0DTE options level the playing field and allow individuals like us to trade this hedge fund strategy with a reasonable level of risk. That’s why I can’t take all the concerns about 0DTE options seriously. More likely, directing individual traders away from 0DTE options is a way to suppress their moneymaking potential.
I invite you to ignore this fearmongering from the institutional traders and the financial media. You can certainly make money trading 0DTE options, and you don’t need to worry about causing volatility by doing so.
For proof, look no further than my daily live Trade Room.
I’ve worked hard this year to foster a welcoming, collaborative and open-minded community of traders in my daily Trade Room. Viewers can follow along with my strategy after the opening bell every single morning, and connect with other subscribers at the same time.
I’m opening up access to my Trade Room right now, for the first time since we initially launched it in March. If May is anything like April, you won’t want to miss another session. All the information is right here.
Regards,Michael CarrEditor, One Trade
What’s the U.S. Treasury Up To?
Eyes were on Federal Reserve Chair Jerome Powell on Wednesday, as we were all anxious to see whether he would raise rates. Not to mention what his outlook for future hikes would be.
In case you missed it, I can sum it up. He raised the Fed funds rate from 5% to 5.25% and signaled that future hikes would be “data dependent.” The consensus is that a pause in rate hikes might be in order.
We shall see. But I’m more interested in what the U.S. Treasury is up to.
The next month promises to be a wild one. June 1 is the supposed “drop dead” date for a debt ceiling deal. We’ll see what financial gymnastics Treasury Secretary Yellen has to do in the event we cut it close.
But looking further out, it seems the Treasury is already looking past the debt ceiling fiasco and planning … wait for it … buybacks!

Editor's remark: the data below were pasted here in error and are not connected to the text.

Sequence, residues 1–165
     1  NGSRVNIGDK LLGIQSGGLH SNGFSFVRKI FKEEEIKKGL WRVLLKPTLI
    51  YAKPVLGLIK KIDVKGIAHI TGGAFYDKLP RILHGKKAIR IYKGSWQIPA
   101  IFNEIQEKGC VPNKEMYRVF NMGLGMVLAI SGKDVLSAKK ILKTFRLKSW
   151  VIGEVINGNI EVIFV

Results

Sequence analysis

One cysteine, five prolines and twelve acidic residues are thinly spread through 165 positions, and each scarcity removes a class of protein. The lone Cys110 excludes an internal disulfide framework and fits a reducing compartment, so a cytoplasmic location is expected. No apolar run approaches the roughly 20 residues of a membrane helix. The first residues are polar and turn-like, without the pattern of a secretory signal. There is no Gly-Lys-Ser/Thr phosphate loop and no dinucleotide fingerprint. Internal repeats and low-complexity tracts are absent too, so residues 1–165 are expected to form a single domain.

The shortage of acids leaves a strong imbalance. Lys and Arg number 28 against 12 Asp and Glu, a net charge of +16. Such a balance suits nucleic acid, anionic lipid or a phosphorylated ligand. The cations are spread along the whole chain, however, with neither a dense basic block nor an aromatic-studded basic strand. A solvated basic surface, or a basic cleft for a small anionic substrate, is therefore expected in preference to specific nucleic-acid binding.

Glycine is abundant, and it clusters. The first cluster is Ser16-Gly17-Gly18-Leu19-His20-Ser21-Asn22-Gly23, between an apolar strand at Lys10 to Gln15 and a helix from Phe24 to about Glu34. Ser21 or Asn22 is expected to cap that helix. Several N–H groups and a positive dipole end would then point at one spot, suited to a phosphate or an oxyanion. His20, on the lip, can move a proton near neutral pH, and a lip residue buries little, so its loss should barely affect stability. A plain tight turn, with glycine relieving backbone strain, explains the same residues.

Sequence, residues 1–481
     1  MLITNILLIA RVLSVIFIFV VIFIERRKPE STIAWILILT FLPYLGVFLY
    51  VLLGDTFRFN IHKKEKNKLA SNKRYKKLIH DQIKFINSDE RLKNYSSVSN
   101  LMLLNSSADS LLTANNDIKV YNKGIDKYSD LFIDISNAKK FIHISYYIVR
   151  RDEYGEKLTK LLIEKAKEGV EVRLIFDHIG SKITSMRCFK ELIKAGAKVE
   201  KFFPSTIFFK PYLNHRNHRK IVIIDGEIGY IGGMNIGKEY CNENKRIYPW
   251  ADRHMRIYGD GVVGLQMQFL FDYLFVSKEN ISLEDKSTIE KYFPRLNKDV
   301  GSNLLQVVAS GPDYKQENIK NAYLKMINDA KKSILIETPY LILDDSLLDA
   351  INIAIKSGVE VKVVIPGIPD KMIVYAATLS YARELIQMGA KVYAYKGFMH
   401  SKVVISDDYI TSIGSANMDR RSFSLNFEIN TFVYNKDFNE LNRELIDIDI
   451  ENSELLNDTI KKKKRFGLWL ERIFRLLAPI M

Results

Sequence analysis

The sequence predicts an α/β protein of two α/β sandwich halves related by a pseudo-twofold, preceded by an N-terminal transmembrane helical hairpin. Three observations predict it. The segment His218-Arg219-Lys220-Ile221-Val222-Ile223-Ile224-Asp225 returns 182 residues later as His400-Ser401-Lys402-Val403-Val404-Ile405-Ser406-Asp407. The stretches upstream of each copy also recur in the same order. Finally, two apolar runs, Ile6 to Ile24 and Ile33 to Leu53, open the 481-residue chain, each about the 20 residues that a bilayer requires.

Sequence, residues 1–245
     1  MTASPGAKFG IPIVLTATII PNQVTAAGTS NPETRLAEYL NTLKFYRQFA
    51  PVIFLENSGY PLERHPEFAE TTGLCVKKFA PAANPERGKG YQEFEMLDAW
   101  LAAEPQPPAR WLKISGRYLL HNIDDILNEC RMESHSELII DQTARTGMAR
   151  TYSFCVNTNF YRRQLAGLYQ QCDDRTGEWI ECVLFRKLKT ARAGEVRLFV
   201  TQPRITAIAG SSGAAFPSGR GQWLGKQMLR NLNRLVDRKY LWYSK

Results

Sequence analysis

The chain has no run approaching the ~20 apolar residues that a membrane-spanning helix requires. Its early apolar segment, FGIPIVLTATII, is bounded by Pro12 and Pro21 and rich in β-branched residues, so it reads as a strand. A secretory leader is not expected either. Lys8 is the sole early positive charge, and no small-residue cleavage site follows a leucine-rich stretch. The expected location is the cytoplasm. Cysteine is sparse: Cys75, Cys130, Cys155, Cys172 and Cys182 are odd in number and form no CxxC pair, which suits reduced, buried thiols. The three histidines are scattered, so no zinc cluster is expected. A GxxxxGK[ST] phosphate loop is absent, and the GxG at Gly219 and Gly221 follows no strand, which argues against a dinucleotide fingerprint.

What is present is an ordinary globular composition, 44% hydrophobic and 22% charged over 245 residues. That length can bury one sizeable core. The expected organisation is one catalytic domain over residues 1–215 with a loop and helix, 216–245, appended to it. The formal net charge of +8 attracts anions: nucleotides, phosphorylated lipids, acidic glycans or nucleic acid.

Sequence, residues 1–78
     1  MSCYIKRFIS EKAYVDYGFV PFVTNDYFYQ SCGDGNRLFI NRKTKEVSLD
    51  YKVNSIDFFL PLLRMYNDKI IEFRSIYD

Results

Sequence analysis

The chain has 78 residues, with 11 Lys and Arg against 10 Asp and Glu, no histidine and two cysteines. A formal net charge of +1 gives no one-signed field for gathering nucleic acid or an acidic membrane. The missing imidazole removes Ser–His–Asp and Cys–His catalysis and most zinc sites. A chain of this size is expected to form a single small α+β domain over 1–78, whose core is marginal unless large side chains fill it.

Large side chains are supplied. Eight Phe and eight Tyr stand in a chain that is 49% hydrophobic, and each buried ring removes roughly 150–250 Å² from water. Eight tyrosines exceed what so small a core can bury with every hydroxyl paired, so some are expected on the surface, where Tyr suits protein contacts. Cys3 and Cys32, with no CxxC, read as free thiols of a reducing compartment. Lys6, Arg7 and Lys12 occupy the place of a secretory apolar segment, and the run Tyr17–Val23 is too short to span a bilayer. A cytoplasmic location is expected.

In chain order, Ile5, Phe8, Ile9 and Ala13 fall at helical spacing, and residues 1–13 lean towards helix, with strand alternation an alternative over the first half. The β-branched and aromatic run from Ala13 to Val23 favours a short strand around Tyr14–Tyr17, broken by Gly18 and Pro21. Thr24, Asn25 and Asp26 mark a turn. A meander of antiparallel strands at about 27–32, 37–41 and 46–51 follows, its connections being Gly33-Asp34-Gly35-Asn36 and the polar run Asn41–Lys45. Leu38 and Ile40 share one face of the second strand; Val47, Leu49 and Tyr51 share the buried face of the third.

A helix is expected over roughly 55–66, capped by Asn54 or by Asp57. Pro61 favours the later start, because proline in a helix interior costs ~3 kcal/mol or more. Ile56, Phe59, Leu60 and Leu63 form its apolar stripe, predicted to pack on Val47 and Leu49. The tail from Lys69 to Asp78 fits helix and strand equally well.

You’re likely familiar with stock buybacks. When companies find themselves with excess cash on hand and nothing pressing to spend it on, they will often buy and retire some of their outstanding common stock.
When done the right way — with excess cash and at good prices — buybacks are fantastic for investors. Earnings are spread across fewer shares, raising the earnings per share for all that remain.
And steady buying by the company creates gentle pressure. This often pushes the shares higher, while also adding liquidity.
Of course, there’s also the “other” way to do buybacks. It involves borrowing heavily and paying no attention to the price being paid.
The motive there is usually hiding share dilution from excessive executive stock options. Unscrupulous management teams will use the shareholders’ money to “mop up” the extra shares they create to pay themselves.
So, which kind of buyback is Ms. Yellen up to?
It’s a bit of a mix. Our government has been running budget deficits for my entire life, minus four brief years under Bill Clinton in which we ran surpluses.
So the Treasury is not shrinking our debt pool by any stretch of the imagination. The Congressional Budget Office expects to add $1.4 trillion to the deficit this year alone.
That said, Yellen’s move is a smart one.
The official statement for the buyback is that it “adds liquidity” to the market. In other words, investors looking to sell their Treasury bonds will have an easier time doing so if the Treasury is doing the buying.
But I think there’s another motive too.
Some long-dated Treasurys are down 15% to 20%, or even more after a year of rising rates. The Treasury can effectively retire some of that debt at a discount.
Think of it like this. The Treasury can borrow a million dollars with a new bond issue, and then retire a million dollars’ worth of outstanding debt for, let’s say $800,000. In this hypothetical example, they’d have a $200,000 “profit” to spend elsewhere.
Make no mistake. They will find a way to waste it. Our government is good at that.
But if there is any takeaway here, it would be that long-term Treasury yields might have a floor going forward. There is a limit to how low long-term yields can go, even in a recession, if there is large-scale buying by a whale like the U.S. Treasury.
In his latest research, he discovered a neglected area of the market that institutional investors just can’t trade in, due to an arbitrary SEC rule. But we can certainly profit from it.
Adam’s free webinar, “The $5 Stock Summit,” explains how a select group of stocks trading at $5 or less have the potential to make 500% gains or more over the next year.
Interested? Just go here for more details.
Regards,Charles SizemoreChief Editor, The Banyan Edge